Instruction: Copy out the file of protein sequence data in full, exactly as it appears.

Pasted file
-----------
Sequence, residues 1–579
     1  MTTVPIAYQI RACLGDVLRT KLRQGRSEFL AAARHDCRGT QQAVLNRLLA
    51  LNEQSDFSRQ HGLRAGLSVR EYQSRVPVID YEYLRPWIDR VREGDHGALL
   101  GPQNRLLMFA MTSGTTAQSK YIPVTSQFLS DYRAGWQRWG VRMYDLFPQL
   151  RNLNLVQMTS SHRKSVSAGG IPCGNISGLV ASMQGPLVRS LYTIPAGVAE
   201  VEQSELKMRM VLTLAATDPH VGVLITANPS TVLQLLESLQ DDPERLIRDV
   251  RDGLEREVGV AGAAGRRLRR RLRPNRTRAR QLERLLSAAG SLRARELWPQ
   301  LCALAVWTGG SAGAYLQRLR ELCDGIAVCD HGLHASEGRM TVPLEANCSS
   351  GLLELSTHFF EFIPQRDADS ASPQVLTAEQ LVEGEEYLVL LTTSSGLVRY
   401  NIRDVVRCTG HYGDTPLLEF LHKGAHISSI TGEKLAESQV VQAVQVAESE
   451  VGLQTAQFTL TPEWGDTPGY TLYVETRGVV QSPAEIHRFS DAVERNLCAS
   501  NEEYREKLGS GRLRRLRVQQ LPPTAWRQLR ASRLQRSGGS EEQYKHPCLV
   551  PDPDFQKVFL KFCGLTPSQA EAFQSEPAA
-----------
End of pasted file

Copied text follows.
Sequence, residues 1–579
     1  MTTVPIAYQI RACLGDVLRT KLRQGRSEFL AAARHDCRGT QQAVLNRLLA
    51  LNEQSDFSRQ HGLRAGLSVR EYQSRVPVID YEYLRPWIDR VREGDHGALL
   101  GPQNRLLMFA MTSGTTAQSK YIPVTSQFLS DYRAGWQRWG VRMYDLFPQL
   151  RNLNLVQMTS SHRKSVSAGG IPCGNISGLV ASMQGPLVRS LYTIPAGVAE
   201  VEQSELKMRM VLTLAATDPH VGVLITANPS TVLQLLESLQ DDPERLIRDV
   251  RDGLEREVGV AGAAGRRLRR RLRPNRTRAR QLERLLSAAG SLRARELWPQ
   301  LCALAVWTGG SAGAYLQRLR ELCDGIAVCD HGLHASEGRM TVPLEANCSS
   351  GLLELSTHFF EFIPQRDADS ASPQVLTAEQ LVEGEEYLVL LTTSSGLVRY
   401  NIRDVVRCTG HYGDTPLLEF LHKGAHISSI TGEKLAESQV VQAVQVAESE
   451  VGLQTAQFTL TPEWGDTPGY TLYVETRGVV QSPAEIHRFS DAVERNLCAS
   501  NEEYREKLGS GRLRRLRVQQ LPPTAWRQLR ASRLQRSGGS EEQYKHPCLV
   551  PDPDFQKVFL KFCGLTPSQA EAFQSEPAA